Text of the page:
Writing for pleasure to showcase the best Australia has on offer.
Published August 1st 2020
Finding a clean safe rest stop on your travels
There is no doubt that when travelling, the one thing that everyone looks for is a good clean toilet, however, depending on where you are, toilets can be horror stories or memories of those you would readily visit again. These days many caravans and motorhomes have in-house toilets or those who camp regularly have purchased portable toilets and potties. But for those travellers going from A to B or taking a day trip away, clean toilets can be hit and miss if a new destination is where you are headed.
Backyard Toilet Just Like Grandparent's My Had (Author's Photo)
Our youth would think the toilet has always been a vessel where the pushing of a button allows all to flush away. However, I am old enough to remember Christmas holidays at my Grandparent's place in Mount Morgan where the toilet was a smelly timber structure out in the backyard full of spiders and other creepy crawlies and the toilet paper was hung on a piece of wire sticking out from the wall. Oh, it was a horrid place and one I did not like to visit! Yet stories are still told of a period from my Grandpa's childhood, where toilet paper was none other than yesterday's news or butcher paper; the latter saved from the previous night's meal.
It was not until 1960 that a Japanese company developed a sanitary system with dual flushing buttons to produce a full or half flow of water to be flushed away. I can still remember hearing my mother saying, "Don't forget to pull the chain". Chain? Yes, chains made a good handle to pull down and in doing so, flushed the toilet when the cisterns were high on the wall.
Over my travels, finding a clean toilet is always high on my agenda and some towns and businesses have gone out of their way to make my necessary trip a pleasant and interesting experience.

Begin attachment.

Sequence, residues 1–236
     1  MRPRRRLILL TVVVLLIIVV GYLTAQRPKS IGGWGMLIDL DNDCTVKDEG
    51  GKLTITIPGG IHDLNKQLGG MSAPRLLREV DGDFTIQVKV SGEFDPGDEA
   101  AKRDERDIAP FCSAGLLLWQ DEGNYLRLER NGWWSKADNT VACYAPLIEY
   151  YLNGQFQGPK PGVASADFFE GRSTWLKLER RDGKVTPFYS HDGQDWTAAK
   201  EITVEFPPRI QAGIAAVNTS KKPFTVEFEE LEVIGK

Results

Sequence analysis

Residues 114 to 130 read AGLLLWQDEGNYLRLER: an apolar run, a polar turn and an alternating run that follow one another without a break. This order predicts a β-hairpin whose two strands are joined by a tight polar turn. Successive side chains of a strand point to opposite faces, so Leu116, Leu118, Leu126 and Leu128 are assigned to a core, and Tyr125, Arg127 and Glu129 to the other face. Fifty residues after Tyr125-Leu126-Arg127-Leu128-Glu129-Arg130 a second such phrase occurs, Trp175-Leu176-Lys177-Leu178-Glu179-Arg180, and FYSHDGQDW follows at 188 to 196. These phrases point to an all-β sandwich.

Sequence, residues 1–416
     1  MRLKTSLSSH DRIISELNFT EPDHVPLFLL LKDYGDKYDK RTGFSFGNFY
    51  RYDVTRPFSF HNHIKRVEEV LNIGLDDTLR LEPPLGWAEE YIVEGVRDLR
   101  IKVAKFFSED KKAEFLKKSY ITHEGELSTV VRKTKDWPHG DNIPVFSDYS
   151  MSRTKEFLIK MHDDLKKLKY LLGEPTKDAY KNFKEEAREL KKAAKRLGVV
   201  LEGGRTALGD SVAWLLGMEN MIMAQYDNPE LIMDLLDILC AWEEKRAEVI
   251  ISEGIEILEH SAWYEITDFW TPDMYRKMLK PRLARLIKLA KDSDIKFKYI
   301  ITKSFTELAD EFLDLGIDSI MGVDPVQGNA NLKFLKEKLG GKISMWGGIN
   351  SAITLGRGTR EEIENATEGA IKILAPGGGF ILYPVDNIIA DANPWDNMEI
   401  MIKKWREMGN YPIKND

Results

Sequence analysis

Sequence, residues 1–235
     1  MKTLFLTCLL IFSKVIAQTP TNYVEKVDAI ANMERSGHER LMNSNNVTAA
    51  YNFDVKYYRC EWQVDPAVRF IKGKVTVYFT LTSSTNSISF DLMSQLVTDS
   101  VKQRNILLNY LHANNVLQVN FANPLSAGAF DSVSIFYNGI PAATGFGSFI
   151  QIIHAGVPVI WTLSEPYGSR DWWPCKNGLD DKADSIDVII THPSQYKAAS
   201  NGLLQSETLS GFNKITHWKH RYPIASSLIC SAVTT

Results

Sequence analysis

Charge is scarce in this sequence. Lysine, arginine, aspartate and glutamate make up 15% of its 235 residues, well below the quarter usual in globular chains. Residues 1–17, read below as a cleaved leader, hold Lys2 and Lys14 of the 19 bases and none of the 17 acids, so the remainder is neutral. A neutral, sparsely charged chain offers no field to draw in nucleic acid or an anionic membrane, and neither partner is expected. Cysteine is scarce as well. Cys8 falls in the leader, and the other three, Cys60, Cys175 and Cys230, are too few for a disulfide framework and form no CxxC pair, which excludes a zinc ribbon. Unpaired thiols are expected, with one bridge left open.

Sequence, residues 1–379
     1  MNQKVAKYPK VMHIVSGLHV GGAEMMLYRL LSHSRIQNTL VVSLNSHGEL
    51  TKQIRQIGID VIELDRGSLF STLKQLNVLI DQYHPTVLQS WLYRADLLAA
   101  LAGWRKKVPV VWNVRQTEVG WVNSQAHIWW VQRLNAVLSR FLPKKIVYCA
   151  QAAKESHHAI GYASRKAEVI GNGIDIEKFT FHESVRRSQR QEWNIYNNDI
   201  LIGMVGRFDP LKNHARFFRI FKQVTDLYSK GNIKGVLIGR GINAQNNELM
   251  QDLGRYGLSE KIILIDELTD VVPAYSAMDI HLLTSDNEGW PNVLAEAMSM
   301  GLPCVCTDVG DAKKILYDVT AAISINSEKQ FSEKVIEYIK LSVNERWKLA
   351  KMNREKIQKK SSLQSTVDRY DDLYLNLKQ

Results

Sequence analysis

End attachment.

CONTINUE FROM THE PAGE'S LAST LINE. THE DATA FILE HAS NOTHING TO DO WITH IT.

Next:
If the line is long, jump on the piano in Mount Morgan Railway Museum (Author's Photo)
Last time I visited the Mount Morgan Railway Museum, I was pleasantly surprised to find a piano in the corner of the waiting area. I guess if there is a line-up, one could always start a sing-along. Another pleasant and surprising find was when I visited Coolmunda Olive Farm, where owners have gone that little distance for customer comfort and a talking point. A large stainless-steel bath size washing basin, mirrors on the wall and coloured toilet paper in yellow and purple hung on the walls, giving all visitors an extraordinary experience. I recently read Maryborough in Queensland is also looking at sprucing up their Town Hall public toilets, perhaps in keeping with the history of the town.
Pleasantly Surprise Toilets at Coolmunda Olives (Author's Photo)
Travelling up and down the Bruce Highway to Maryborough, I have found clean toilets at Alfred Park in Gympie and the Driver Reviver Park near Gunalda, the latter of which is available for free campers for a maximum of twenty hours. If you care to turn off the highway into the small township of Gunalda, the council public toilets are well maintained and clean. There are toilets on either side of Gympie, but those mentioned above are my preference.
Driver Reviver Rest Stop Near Gunalda, Qld (Author's Photo)
Nindigully Pub highlights the country theme of "Ewes" & "Rams" on their toilet signs and other such animal names are a common scene in rural areas. Apple Tree Creek Dance Hall was famous for its toilet signs of "Mango" and "No Mango", which gave a smile to everyone when first seen.
Just as tourists flock to see the Big Boot, Big Banana and other "big" highlights in our vast country, searching for the best or most unique toilet while travelling around Australia may be the next big tourist attraction. Keep a lookout as everywhere you go is another interesting travel adventure. If you are travelling and want to know where the toilet/rest stops are, you can jump onto the National Public Toilet Map, where planning your stops are made easy.
What a great informative historical article Susan. I too remember the 'outhouse' with old telephone books as the only facility. I recall many years ago a radio interview with a 100 lady and when asked what she thought was the greatest invention in her lifetime, she simply said. "Sewage." Neil.